TexasRifleman Moderator Emeritus

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    That does seem reasonable, that little knob is hard to grab sometimes. With gloves on it's even worse.
     
  8. dfariswheel

    dfariswheel Member

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    No this attachment would make it HARDER to cock the gun.
    It's NOT attached to the gun anywhere except the middle of the barrel and the actuator knob.

    Imagine a thin tube with the front end attached to the middle of the barrel.
    There is smaller diameter tube telescoping into the bigger tube.
    This smaller tube attach's to the actuator knob.

    When the gun fires, the actuator moves back and forth with the bolt, and the thin tube telescopes into the larger tube.

    Again, the only possible purpose I can see would be as some sort of blank firing assist device.

    This is the only time I've ever seen something like this, and possibly the Thompson was still new enough in 1930 that a better blank firing arrangement hadn't been developed.

    One thing's certain: The gun was a 1921 model Thompson, and whatever the attachment was didn't slow it down any.
    Every time Beery fired, cases POURED out the ejection port.
     
  9. lbmii

    lbmii Member

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    Sounds like some sort of device to slow the cycle rate down.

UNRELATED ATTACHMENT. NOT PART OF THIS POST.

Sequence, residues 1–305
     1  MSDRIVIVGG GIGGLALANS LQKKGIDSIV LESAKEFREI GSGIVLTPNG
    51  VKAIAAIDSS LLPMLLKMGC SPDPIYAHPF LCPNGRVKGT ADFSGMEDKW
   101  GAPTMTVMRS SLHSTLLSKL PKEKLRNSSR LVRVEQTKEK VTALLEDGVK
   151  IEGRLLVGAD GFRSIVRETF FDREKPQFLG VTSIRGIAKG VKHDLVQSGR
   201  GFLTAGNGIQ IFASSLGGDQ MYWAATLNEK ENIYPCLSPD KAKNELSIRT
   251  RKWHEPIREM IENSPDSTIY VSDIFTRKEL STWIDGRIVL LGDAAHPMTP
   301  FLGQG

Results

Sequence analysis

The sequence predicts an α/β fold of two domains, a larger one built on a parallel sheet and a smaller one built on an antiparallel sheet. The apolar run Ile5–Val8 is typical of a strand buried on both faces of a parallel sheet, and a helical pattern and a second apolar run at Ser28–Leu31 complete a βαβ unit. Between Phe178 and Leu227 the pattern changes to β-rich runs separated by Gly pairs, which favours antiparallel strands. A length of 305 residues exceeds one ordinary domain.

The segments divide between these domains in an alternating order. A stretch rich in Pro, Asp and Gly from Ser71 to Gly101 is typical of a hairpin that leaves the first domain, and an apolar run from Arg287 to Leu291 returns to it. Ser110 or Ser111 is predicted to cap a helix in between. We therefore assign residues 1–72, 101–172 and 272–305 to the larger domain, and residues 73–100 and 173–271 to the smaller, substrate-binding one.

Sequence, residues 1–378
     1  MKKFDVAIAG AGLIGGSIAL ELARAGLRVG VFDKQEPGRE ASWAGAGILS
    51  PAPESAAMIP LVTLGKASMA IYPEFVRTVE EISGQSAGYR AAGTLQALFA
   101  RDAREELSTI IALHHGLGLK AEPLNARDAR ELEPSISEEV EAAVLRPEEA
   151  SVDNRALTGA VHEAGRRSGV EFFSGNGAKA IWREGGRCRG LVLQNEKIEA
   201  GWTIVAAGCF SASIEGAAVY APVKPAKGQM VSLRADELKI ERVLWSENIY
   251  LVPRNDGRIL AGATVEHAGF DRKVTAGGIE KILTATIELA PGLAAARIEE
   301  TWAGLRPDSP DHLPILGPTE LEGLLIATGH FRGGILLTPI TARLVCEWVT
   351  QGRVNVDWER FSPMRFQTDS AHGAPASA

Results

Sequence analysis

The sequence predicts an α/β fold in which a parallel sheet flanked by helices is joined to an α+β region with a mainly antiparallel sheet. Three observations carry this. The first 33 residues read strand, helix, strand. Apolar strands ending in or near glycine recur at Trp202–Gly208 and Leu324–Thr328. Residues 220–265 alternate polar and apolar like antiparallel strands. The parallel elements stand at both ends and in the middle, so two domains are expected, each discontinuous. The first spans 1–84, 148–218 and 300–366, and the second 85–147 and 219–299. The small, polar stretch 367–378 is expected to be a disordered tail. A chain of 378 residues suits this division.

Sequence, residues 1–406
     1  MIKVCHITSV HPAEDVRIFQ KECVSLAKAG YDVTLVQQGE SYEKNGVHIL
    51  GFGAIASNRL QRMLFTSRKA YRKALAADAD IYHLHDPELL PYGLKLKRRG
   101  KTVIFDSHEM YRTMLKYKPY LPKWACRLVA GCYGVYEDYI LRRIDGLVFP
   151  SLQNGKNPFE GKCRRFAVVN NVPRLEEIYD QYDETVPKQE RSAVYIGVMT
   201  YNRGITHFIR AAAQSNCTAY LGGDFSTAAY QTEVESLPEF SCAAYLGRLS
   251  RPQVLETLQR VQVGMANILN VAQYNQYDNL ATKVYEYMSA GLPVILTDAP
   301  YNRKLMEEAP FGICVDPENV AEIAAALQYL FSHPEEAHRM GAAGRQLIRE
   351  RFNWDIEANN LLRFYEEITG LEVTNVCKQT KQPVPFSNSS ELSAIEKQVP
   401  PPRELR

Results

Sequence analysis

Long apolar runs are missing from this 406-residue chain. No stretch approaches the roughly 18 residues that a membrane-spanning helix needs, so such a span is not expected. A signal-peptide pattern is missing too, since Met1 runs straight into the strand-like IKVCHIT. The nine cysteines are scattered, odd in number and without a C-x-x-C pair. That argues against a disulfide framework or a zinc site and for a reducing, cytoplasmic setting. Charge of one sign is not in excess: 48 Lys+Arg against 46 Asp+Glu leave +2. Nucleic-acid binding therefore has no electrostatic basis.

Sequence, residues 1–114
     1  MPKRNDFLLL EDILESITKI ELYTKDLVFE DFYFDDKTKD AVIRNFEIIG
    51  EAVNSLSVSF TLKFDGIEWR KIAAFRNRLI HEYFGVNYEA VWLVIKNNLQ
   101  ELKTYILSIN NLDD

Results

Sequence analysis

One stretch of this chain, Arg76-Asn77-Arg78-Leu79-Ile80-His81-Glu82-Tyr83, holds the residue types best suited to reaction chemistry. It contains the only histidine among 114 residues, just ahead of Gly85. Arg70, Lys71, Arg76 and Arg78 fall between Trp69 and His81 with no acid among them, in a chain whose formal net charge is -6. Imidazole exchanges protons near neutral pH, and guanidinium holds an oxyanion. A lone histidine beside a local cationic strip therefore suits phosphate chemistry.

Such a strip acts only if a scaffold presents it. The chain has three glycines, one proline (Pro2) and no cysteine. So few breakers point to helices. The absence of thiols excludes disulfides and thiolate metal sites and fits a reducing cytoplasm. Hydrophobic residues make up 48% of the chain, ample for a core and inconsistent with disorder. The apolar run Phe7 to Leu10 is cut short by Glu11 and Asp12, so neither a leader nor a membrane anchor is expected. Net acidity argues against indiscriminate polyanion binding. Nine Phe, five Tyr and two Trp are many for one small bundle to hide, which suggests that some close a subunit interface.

10. loose cannon

    loose cannon Member

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    my wife a longtime tommygun fan had some big problems with the m1927 round knob so im putting together a special tommygun useing the kahr/auto ord m1 semiauto a extended boltknob and a m1927 verticle foregrip.

    with 20 rd mags its to be her plinker/ranch defense carbine.
     
  11. mrmeval

    mrmeval Member

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    A hint

    http://www.machinegunbooks.com/cgibin/ikonboard/printpage.cgi?forum=1&topic=742

     
  12. thrifty7

    thrifty7 Member

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    If I recall correctly, The Thompson is blowback operated, which would not work well with blanks, if at all. The tube sounds like a crude conversion to gas operation, which can be tuned to operate quite well with blanks. I have never seen one, but that is what it sounds like to me.
     
  13. Carl N. Brown

    Carl N. Brown Member

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    The blank firing attachment seen in some films is a square box muzzle
    attachment very unlike the Cutts Compensator introduced about 1925;
    the square blank attachment is very noticeable, so I would not be
    surprised that some prop man would come up with a gas tube assist
    to the actuator believing it would be less conspicuous.

    Does anyone have The Big House on DVD?
     
  14. Jim K

    Jim K Member

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    The Model 1921 and Model 1928A1 Thompsons are not actually direct blowback, as they have the Blish "lock". The M1 and M1A1 Thompsons are straight blowback. In point of fact, straight blowback guns are the easiest to adapt to blank firing. A simple muzzle constriction (usually screwed into the barrel and invisible from the outside) works very well. In the Thompson, a constrictor could be inserted into the Cutts Compensator without even altering the gun.

    Jim